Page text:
n innovative principle is emerging in international environmental policies of northwest Europe and Scandinavia. The precautionary approach is encouraging new thinking through its emphasis on clean production methods and prevention of environmental contamination in the belief that it is cheaper, easier and more practical to prevent pollution in the first place than to try to clean contaminated systems later on (2). As M. MacGarvin observes (3), the precautionary ideal arises from recognition that scientific understanding of ecosystems is complicated by a host of factors, including complex and cascading effects of human activities and uncertainty introduced by naturally chaotic population dynamics.
Precaution also serves as a progressive policy tool. The principle addresses a key question for environmental managers: how should policies be decided in the face of scientific uncertainty? The response from science is to engage in further rigorous studies better to understand the hidden workings of nature. But a similar response is not available within the culture of policy; in a setting that must cope with demands for economic growth, the pressures for resource extraction are immense. So important policy decisions (including continuing the status quo) are made despite poor knowledge of the ultimate effects of anthropogenic activities; this situation is proving increasingly problematic for modern environmental management.
Precautionary thinking counters traditional regulatory emphasis on 'end of pipe' pollution control technologies. Moreover, precaution fundamentally rejects assimilative capacity-for instance of the coastal oceans-as a convenient means of (hoped-for) dilution. Vague definitions of precautionary action are evolving as it is increasingly applied. Initially the principle was put forward in an international setting at the first ministerial conference on North Sea pollution in Bremen in 1984 (ref. 4); it was strengthened at the second North Sea conference in 1987 (London) and further reinterpreted at the third conference in 1990 (The Hague) (1-4). The approach now appears in non-marine applications such as regulating pesticides in Africa (Bamako Convention, 1990), and efforts to reduce atmospheric contamination (Second World Climate Conference, 1990) (5).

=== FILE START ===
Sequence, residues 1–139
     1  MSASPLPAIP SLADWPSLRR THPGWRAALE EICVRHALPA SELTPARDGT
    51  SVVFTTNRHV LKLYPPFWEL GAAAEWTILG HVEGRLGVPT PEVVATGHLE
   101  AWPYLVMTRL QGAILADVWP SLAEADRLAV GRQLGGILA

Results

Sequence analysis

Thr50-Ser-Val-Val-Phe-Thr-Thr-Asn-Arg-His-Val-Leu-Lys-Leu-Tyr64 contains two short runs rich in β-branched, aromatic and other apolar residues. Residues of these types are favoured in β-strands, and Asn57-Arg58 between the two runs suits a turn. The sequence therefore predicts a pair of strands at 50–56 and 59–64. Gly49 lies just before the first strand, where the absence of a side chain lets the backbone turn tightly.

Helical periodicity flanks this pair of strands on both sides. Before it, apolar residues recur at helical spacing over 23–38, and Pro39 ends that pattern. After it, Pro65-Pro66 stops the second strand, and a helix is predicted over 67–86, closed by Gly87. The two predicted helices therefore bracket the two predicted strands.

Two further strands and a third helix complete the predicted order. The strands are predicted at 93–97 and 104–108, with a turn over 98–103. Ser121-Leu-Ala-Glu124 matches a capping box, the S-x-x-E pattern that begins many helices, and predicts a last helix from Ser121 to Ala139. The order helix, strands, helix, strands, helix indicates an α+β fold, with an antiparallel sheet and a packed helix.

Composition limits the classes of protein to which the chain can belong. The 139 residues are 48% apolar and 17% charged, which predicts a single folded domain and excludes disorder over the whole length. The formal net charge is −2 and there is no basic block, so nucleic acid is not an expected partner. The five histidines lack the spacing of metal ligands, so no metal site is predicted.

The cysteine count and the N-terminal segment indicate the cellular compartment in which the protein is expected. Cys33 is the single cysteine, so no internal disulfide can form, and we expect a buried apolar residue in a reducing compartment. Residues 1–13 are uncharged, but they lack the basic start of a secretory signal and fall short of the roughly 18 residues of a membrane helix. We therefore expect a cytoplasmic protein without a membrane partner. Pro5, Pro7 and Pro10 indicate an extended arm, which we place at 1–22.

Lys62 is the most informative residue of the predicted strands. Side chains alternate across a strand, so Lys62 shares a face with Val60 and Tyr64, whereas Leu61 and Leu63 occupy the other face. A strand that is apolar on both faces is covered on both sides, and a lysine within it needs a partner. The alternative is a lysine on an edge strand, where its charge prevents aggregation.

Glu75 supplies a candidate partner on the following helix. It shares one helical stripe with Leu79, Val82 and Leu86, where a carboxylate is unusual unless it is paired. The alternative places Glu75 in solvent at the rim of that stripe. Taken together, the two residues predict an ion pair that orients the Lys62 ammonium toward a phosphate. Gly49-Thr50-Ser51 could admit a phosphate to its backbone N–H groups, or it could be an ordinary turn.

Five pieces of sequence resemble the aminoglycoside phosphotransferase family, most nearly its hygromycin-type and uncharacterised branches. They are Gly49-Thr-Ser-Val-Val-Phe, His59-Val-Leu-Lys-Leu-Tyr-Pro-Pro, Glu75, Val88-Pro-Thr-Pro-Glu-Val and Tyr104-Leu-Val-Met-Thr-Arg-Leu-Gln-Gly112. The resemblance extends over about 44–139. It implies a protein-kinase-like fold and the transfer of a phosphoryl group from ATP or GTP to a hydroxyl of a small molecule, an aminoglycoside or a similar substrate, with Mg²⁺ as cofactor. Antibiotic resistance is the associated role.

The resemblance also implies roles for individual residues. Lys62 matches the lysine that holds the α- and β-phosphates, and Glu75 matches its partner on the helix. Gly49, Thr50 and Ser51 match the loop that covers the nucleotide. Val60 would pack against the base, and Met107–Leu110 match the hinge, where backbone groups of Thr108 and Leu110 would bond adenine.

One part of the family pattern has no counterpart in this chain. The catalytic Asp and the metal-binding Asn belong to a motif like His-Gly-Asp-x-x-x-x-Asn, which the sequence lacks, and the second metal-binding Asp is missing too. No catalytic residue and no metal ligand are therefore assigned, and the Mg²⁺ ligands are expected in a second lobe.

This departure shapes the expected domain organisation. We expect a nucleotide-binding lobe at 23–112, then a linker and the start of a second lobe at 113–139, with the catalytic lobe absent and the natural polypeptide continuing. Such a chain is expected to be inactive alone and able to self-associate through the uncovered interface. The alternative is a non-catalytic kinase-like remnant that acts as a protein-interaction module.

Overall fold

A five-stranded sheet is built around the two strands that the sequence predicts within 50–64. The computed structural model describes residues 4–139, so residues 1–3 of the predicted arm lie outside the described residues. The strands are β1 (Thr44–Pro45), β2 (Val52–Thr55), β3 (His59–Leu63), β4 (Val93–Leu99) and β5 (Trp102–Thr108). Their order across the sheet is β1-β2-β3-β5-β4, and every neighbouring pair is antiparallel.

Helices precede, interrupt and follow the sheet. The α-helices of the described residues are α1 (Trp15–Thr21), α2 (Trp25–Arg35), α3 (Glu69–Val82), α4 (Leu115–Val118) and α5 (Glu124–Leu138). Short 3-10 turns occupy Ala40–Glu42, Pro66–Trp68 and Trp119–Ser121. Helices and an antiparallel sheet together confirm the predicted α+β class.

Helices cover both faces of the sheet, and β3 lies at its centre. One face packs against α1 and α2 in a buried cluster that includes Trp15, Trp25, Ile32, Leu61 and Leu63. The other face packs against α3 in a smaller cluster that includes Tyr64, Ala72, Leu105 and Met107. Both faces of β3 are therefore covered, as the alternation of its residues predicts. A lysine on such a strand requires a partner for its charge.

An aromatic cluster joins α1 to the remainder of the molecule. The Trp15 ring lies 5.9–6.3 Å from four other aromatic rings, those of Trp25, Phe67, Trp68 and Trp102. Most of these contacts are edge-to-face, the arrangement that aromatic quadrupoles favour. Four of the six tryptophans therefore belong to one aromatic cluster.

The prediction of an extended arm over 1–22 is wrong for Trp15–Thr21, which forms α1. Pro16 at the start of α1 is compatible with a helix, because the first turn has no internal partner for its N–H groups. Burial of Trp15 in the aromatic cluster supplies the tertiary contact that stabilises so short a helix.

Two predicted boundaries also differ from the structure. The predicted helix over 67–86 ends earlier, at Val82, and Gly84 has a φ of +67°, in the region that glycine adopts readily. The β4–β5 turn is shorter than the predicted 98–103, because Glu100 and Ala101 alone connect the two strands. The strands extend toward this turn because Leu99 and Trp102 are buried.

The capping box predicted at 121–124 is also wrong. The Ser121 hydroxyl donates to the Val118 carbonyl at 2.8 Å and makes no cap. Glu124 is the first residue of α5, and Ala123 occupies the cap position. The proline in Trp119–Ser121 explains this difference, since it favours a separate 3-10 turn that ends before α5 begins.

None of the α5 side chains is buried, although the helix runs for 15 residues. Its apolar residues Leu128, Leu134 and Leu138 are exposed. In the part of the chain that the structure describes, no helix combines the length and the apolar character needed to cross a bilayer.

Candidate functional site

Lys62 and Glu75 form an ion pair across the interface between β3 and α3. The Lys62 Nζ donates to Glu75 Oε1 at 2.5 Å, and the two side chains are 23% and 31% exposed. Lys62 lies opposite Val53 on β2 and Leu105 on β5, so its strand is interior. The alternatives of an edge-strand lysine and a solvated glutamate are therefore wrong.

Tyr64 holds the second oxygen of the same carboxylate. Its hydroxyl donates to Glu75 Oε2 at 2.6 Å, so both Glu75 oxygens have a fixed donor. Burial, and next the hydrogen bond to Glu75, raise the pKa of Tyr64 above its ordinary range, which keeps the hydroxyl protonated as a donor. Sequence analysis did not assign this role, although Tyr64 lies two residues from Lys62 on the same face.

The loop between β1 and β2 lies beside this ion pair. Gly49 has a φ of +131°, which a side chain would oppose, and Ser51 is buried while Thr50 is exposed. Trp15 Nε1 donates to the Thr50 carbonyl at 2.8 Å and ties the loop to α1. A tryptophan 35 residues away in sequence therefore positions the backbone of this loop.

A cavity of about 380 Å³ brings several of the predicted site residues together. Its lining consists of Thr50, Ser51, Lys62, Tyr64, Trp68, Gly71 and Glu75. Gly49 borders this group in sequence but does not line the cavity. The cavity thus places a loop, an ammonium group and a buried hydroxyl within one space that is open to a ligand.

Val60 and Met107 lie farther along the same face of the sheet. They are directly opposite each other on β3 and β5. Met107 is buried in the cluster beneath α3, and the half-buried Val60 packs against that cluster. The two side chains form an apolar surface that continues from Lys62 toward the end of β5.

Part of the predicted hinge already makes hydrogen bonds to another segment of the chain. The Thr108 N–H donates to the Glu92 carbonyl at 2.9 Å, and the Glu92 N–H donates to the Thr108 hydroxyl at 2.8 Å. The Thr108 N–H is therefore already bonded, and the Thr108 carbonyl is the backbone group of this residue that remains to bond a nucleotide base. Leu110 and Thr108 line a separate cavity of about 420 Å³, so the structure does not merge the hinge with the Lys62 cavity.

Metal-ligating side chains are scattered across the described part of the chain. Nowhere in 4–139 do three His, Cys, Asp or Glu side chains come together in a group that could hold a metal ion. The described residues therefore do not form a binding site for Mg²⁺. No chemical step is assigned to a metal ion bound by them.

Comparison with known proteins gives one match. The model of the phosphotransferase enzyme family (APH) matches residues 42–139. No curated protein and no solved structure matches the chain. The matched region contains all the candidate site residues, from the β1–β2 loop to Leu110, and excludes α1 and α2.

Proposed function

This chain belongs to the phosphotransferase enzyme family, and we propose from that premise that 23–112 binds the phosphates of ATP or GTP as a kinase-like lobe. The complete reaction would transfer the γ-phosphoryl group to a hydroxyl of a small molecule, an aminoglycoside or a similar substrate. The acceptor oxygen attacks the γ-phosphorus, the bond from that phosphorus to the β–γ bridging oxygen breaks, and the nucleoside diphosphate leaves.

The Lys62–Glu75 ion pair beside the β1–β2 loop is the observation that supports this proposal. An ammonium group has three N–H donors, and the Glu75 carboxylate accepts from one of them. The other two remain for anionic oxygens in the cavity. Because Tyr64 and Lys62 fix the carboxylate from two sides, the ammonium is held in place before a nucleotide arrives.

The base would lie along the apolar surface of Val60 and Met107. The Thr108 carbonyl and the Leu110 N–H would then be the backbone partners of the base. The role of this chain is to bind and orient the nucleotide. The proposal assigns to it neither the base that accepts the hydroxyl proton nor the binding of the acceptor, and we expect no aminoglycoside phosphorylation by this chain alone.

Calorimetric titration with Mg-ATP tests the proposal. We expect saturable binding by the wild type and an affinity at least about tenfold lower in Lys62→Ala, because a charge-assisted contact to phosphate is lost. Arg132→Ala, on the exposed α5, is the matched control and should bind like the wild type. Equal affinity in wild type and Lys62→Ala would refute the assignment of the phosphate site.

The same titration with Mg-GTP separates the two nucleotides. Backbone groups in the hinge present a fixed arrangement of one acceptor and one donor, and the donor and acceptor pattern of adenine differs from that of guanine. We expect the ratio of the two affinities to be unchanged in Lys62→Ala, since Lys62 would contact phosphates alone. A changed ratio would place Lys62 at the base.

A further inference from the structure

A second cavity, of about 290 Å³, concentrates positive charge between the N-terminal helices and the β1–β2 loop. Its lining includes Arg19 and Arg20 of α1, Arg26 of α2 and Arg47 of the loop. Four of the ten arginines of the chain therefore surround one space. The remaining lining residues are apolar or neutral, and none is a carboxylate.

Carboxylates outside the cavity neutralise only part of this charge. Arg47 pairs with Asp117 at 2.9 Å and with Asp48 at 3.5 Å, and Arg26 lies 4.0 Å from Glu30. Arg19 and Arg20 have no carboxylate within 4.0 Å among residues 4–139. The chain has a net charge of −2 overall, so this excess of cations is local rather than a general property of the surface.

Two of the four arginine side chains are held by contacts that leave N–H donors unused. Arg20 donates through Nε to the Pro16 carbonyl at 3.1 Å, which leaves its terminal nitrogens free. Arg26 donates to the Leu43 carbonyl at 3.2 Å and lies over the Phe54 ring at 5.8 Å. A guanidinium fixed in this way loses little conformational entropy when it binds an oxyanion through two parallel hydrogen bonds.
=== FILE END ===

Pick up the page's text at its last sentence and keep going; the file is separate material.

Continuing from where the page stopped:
In sum, the emerging precautionary principle could become an important new link between science and policy. When first suggested, precautionary action was intended mainly to reduce marine contamination due to synthetic chemicals and heavy metals, and to halt dangerous activities such as ocean incineration because the burden of suspicion made it prudent to prevent such activities (3). In only a few years, preventive thinking behind this principle has spread to broader matters (2), and may yet become an eloquent step in achieving greener paths of development. Significantly, the United States has so far resisted the precautionary concept (1); whether the US position evolves towards acceptance of precautionary action will surely have much to do with the eventual fate of this rising principle.
- Stairs, K. & Taylor, P. in International Politics of the Environment (eds Hurrell, A. & Kingsbury, B.) 110-141 (Oxford University Press, 1992) .
- Dethlefsen,V., Jackson, T.& Taylor, P. in Clean Production Strategies: Developing Preventive Environmental Management in the Industrial Economy (ed Jackson, T.) 41- 62 (Lewis, Boca Raten, 1993).
- MacGarvin, M . Helgolander Meeresunter, Vol 49, in the press (1994) .
- Guendling, L. Intl. J. estuarine coastal Law, Vol 5, 23-30 (1990) .
- Weintraub. B. A. N. Y. U. envtl. Law J., Vol l, 173-223 (l992).
Source: Dr. Rob Wilder, School of Environmental Science & Management, University of Science & Management, University of California, Santa Barbara, CA 93106, USA